The construction union’s application to have a senior official’s right of entry permit renewed has been rejected, leaving just three South Australian officials legally able to enter building sites.
The Fair Work Commission has dismissed the CFMEU’s application to reinstate Mark Gava’s permit on the grounds Mr Gava was not a “fit and proper person”.
Mr Gava was part of a group of officials whose “coercive” behavior at two Adelaide construction sites in 2013 resulted in the union being fined $456,000 in the Federal Court. Mr Gava was fined $3800.
Senior Deputy President Matthew O’Callaghan, in handing down last week’s judgment, noted Mr Gava had undertaken “not to repeat those behaviours” but “advised that he cannot recall his specific behaviours” - leaving the Commission uncertain about his ability to meet his commitment.
“Simply put, Mr Gava does not recall exactly what he did but has undertaken not to do it again,” Deputy President O’Callaghan said in his judgment.
The Deputy President also criticized Mr Gava’s lack of contrition over the “serious and significant incident”, and for recently entering a site without a current entry permit. Mr Gava swore a statutory declaration that he had not entered a site without a permit but less than one month later swore another statutory declaration saying he had entered a site after his permit had expired.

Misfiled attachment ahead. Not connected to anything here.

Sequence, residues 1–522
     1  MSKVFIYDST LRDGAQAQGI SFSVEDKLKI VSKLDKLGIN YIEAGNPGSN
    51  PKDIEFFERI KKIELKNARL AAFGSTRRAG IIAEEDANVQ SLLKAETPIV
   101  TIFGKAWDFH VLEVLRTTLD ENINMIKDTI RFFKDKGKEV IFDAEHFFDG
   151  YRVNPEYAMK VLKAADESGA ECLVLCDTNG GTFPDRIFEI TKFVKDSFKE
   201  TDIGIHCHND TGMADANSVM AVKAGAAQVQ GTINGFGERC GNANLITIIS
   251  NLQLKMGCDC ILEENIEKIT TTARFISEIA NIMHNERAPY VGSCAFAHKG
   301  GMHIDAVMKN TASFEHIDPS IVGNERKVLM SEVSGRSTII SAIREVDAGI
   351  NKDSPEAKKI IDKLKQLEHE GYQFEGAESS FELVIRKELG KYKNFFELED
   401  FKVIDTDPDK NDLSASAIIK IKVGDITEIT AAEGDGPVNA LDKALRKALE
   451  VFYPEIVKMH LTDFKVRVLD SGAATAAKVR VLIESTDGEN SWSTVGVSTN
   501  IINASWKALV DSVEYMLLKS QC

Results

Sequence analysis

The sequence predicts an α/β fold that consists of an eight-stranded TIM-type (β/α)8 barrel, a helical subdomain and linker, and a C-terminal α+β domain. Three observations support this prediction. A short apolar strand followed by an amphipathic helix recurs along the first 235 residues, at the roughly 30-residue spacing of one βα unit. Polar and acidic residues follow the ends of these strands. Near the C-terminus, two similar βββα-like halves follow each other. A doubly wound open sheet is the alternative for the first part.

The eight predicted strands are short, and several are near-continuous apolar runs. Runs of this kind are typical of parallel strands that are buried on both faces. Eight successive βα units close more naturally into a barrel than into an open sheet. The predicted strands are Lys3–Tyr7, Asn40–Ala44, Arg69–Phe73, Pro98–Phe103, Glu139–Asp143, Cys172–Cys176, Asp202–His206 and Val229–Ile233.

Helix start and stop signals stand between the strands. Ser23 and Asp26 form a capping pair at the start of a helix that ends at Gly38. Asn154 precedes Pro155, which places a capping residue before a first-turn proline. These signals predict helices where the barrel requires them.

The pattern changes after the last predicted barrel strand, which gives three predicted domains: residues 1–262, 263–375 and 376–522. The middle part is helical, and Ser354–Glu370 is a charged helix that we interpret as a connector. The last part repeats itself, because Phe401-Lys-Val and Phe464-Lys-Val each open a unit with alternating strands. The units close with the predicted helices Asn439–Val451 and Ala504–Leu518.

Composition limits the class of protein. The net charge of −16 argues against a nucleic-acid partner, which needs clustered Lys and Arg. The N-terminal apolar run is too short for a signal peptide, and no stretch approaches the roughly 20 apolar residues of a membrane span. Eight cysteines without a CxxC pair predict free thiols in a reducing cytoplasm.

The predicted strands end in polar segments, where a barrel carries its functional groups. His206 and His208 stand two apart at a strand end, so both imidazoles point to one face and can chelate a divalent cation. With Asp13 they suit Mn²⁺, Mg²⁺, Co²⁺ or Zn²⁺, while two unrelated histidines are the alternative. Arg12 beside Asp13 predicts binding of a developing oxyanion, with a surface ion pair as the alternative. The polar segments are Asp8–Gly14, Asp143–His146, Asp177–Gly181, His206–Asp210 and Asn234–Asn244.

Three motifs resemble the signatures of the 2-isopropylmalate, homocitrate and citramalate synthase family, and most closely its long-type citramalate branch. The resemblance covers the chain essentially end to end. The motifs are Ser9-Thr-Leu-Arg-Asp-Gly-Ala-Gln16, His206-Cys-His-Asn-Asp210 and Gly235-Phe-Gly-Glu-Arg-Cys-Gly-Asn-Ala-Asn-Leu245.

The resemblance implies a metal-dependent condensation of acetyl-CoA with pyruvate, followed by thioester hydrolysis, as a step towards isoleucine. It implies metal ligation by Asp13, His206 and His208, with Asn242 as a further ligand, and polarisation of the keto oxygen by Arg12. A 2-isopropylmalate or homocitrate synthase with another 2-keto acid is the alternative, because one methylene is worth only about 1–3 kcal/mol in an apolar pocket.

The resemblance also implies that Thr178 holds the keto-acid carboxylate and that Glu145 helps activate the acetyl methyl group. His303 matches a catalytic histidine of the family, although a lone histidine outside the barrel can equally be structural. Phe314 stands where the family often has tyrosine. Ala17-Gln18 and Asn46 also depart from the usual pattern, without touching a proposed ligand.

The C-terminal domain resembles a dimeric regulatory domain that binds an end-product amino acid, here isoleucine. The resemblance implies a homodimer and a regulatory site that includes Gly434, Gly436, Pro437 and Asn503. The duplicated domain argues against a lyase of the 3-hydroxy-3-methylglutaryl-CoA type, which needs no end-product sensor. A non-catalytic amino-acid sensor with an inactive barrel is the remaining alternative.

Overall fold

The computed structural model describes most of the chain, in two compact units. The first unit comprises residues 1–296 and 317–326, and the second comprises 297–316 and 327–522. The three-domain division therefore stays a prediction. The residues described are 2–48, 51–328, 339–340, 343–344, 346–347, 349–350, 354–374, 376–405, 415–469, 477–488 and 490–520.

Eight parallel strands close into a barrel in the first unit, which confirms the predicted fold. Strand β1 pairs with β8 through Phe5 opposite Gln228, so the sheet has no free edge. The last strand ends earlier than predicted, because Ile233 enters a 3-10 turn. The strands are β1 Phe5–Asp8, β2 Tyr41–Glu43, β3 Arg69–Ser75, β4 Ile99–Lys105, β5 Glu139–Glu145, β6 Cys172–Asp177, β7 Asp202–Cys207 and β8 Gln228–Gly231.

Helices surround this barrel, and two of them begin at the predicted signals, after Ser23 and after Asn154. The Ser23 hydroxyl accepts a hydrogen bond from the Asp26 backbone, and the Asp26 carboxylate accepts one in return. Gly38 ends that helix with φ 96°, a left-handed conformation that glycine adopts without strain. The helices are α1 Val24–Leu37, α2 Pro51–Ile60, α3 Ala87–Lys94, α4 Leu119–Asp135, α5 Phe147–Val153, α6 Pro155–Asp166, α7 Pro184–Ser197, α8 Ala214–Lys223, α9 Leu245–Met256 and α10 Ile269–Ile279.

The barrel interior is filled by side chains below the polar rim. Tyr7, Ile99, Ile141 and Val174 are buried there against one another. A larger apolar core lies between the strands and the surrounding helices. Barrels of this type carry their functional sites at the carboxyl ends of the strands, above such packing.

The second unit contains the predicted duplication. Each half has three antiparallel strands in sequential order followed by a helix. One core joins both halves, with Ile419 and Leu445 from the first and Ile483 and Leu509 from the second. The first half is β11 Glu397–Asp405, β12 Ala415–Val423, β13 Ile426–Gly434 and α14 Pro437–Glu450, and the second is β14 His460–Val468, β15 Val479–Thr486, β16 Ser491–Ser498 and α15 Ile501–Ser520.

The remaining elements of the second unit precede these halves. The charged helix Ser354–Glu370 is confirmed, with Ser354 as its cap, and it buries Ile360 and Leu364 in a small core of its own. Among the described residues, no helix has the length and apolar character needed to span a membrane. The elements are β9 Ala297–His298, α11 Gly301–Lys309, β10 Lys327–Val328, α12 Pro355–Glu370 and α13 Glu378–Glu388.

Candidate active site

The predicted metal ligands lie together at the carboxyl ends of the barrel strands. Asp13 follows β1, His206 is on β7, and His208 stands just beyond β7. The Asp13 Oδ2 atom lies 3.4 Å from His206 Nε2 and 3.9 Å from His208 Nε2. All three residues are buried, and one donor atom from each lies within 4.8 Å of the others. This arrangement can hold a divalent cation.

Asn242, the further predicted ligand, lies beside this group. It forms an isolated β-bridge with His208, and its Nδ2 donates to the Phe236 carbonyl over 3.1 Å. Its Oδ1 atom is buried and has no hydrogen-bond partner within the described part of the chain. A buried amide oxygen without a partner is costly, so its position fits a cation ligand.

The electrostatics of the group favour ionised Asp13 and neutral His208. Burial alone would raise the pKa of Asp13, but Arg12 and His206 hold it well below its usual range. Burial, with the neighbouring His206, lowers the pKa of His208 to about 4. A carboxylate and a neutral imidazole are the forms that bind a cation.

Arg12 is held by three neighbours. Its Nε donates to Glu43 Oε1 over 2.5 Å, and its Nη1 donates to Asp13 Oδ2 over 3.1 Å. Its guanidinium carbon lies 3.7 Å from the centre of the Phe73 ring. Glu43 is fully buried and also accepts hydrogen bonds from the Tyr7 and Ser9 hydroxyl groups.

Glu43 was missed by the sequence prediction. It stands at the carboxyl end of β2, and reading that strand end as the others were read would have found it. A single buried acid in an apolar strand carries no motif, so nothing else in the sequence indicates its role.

Master Builders SA Chief Executive Officer Ian Markos said the behaviour of CFMEU officials demonstrated why the Australian Building and Construction Commission and the new Building Code were so badly needed.
“Earlier this month, it was revealed in Senate Estimates the ABCC had 57 proceedings against the CFMEU before the courts, 23 relating to coercion. There were 110 CFMEU officials facing 1078 contraventions, and approximately $1.7 million in fines were issued by courts during 2015/16,” he said.
“These are national figures but it is clear how the CFMEU operates. Sadly, the union has a deeply entrenched culture of willful disregard for workplace relations laws and appear to see fines as simply a cost of doing business.
“The rule of law must be restored on building sites. Union lawlessness and intimidation must be properly investigated and punished, otherwise South Australians will continue to suffer from thuggish behaviour on building sites, higher costs to taxpayers and missed economic opportunities.
“At a time of high unemployment and sluggish economic growth, there is too much at stake not to get this right. It is imperative we focus on building the confidence required to support jobs growth.”
This release can be downloaded in PDF form here.
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